The Illegal Wildlife Trade conference highlights the economic benefits of conservation
Christopher Vandome, Research Associate, Chatham House Africa Programme, on how the benefits of conservation extend far beyond tourism
The illegal wildlife trade (IWT) has a negative impact on African economies and their development. It destroys ecosystems and biodiversity, undermines institutions, and channels scarce state resources away from critical social programmes.
In Africa, Elephant poaching alone is estimated to cost between £3-5 billion per year in lost natural capital. But, the difficulty of quantifying the value of healthy ecosystems means that the full economic cost of IWT are often underrecognised.
This week the UK government hosts the fourth international conference on combating the illicit wildlife trade. Past achievements have included closing once legal markets and recognising the trade as a serious organised crime. The inclusion in this year’s conference of linking IWT to broader conservation issues marks an important step in linking international enforcement efforts to local development.
At this weeks’ IWT conference in London, Chatham House publishes its own research on the economic cost of the illegal wildlife trade and the incentives for Africa governments to pursue conservation driven development models. Our findings argue that by promoting wildlife economies and pursuing conservation-driven development models, southern African governments can protect their citizens, derive revenue from wildlife products, and establish world class tourism products.
Giving local communities the right to sustainably exploit their wildlife resources incentivises stewardship and conservation. This mitigates the pressures for poaching for profit or subsistence. Over the past 20 years, 200 communal conservancy enterprises in Namibia have generated over $81 million in financial and economic benefits for their members.Wildlife numbers have increased significantly as a result.
The tourism industry is worth over £40 billion to Southern Africa alone. This is forecast to rise to around £70bn by 2028. Wildlife viewing is a driver for 80 percent of this. Addressing IWT and promoting conservation is one aspect of protecting this industry and the vital direct and indirect jobs it provides.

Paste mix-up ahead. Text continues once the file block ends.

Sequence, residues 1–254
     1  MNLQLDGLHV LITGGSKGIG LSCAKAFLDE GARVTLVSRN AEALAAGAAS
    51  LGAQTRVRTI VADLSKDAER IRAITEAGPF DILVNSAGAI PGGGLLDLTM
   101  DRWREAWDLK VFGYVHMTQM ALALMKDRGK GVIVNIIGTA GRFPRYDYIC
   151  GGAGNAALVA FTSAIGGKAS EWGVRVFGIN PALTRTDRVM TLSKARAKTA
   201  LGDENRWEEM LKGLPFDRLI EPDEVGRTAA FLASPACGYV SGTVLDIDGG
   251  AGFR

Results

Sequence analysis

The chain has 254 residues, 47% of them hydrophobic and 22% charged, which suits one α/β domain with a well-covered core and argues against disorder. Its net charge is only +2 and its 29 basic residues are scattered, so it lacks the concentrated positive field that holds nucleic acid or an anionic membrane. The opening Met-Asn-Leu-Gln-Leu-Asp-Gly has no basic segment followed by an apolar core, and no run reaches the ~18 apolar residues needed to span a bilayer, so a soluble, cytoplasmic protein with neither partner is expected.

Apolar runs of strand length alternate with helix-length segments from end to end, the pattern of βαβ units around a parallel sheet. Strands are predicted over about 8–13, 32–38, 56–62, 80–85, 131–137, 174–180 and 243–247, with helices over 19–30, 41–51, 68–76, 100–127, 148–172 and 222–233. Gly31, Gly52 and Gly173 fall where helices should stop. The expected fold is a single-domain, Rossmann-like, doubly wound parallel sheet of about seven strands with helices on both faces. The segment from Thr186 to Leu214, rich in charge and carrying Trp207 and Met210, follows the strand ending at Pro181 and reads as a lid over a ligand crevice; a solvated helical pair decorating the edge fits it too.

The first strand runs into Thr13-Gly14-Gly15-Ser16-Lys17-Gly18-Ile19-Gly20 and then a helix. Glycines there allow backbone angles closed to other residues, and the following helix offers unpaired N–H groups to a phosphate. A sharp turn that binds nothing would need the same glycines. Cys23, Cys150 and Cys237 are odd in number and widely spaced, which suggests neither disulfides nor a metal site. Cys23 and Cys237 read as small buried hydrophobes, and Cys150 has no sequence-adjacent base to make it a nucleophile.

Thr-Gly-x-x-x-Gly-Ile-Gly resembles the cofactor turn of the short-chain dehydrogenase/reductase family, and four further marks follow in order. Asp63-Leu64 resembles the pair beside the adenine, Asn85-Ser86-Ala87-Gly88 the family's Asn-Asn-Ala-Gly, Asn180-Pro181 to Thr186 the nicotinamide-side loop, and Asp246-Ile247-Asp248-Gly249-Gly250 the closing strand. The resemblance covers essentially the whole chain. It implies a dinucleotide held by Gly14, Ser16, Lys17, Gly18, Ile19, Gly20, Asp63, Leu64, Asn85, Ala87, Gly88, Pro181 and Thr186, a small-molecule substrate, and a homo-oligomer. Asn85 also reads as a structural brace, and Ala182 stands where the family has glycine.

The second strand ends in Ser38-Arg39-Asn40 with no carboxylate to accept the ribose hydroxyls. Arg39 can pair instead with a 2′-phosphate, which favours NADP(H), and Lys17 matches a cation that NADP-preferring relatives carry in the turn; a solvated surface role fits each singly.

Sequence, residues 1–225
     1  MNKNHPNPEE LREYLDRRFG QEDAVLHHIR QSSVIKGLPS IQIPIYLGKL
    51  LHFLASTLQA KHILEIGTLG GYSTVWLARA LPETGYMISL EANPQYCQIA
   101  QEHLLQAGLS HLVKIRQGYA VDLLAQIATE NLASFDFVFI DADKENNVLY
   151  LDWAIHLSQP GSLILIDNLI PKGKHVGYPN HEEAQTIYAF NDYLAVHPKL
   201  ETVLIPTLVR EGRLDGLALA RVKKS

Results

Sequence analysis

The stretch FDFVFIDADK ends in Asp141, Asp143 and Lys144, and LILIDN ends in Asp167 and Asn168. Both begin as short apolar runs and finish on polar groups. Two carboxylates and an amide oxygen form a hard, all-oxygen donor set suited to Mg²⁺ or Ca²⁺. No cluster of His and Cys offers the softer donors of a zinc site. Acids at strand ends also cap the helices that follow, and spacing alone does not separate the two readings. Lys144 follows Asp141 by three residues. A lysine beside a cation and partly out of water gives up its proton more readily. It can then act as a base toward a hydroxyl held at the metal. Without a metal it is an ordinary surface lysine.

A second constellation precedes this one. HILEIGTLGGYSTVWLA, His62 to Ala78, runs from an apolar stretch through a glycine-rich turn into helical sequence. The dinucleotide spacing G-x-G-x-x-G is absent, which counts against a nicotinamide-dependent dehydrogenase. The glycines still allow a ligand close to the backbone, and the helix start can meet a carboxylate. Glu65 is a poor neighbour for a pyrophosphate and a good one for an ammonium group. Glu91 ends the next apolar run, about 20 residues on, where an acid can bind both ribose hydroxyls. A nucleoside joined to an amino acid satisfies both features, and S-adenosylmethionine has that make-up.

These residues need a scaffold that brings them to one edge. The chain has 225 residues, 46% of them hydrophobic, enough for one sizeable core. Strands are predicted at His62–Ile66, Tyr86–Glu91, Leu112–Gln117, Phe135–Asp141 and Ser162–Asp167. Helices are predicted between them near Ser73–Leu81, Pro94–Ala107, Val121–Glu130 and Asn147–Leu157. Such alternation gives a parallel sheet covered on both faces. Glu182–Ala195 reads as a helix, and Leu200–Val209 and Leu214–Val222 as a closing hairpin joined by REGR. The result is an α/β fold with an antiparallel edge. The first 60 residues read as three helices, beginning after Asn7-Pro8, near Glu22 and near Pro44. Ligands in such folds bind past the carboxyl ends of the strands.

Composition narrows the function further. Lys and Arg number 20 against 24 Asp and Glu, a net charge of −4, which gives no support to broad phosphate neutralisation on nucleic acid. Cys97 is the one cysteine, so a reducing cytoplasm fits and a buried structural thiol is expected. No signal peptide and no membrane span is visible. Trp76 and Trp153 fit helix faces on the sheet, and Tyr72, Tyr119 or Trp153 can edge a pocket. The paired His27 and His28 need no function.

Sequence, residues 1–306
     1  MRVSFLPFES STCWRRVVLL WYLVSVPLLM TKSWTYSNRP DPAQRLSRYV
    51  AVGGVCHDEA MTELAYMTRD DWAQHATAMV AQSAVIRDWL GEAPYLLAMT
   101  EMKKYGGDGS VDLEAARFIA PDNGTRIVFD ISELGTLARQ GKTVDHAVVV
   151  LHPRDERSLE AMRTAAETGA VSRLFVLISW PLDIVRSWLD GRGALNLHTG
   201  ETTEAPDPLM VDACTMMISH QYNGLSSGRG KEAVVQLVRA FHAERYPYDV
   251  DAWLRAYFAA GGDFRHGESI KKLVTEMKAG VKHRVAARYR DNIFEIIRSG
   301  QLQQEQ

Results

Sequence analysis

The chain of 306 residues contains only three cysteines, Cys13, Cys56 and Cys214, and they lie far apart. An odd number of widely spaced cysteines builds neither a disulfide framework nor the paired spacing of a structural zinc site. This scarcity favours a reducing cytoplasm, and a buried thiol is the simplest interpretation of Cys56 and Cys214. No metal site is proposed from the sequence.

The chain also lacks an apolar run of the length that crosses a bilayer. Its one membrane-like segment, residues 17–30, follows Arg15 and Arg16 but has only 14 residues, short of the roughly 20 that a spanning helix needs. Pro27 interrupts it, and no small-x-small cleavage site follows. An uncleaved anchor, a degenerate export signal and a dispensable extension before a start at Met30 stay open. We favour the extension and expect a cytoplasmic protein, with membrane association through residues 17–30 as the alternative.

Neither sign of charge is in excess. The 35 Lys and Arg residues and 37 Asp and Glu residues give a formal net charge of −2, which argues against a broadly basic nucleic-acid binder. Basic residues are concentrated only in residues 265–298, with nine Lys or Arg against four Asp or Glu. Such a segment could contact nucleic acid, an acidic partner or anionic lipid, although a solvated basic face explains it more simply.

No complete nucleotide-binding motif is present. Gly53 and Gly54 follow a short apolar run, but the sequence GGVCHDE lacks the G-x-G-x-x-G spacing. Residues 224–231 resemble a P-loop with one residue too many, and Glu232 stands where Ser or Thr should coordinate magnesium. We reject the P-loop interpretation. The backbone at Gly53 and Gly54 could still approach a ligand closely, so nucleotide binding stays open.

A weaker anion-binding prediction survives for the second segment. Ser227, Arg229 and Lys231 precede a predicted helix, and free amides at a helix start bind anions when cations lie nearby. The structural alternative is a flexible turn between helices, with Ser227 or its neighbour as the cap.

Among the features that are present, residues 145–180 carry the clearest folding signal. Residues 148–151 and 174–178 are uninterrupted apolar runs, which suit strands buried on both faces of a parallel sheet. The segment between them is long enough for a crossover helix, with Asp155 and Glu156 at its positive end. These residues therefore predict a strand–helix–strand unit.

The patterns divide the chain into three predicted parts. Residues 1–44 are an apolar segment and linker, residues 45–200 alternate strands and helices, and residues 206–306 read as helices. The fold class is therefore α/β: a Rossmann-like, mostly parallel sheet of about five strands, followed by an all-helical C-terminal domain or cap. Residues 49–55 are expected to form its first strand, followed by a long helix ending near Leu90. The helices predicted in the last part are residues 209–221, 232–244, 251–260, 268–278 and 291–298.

African tourism is an internationally attractive investment proposition. Developing these industries is vital for many African countries seeking to diversify beyond the extractive industries on which they have become dependent. Encouraging investment partnerships facilitates skills transfers and expands economic opportunities through local procurement.
Organisations such as the Giants Club ensure that tourism investment also supports the conservation of the eco-systems upon which the industry depends.
The economic benefits of conservation extend well beyond the potential of the tourism industry. In Zambia, COMACO (Community Markets for Conservation) is working with 179,000 farmers to incentivize conservation of wildlife and reduce poaching by helping develop wildlife products and facilitating a route to market for them.
Protecting ecosystems through improved agricultural practices builds climate change resilience. Making communities decision makers also contributes to gender empowerment in societies where women have traditional responsibilities as food-growers.
Tackling IWT and pursuing conservation is also key for post conflict stability, and regional security. The Southern African Development Community (SADC) has pioneered transfrontierconservation areas (TFCAs) - collaboratively managed spaces across international boundaries to protect biodiversity and promote human socio-economic development. By cooperating on law enforcement and working with the people inside the protected areas, governments have provided safe spaces for animals and people.
UK engagement with these African initiatives supports efforts that the crucial links between biodiversity, socio-economic development, and peace and security. Such an approach complements wider UK wider anti-poaching efforts including successful military training missions in Gabon and Malawi.
Africa is the world’s youngest continent. It is vibrant and innovative, but governments are under pressure to generate jobs and opportunities. Tackling IWT creates an environment for economies to flourish, develop, and attract investment. The London Conference is an integral part of the UK taking a holistic approach to IWT in partnership with African stakeholders.
Christopher Vandome is a Research Associate in the Chatham House Africa Programme. For more information click here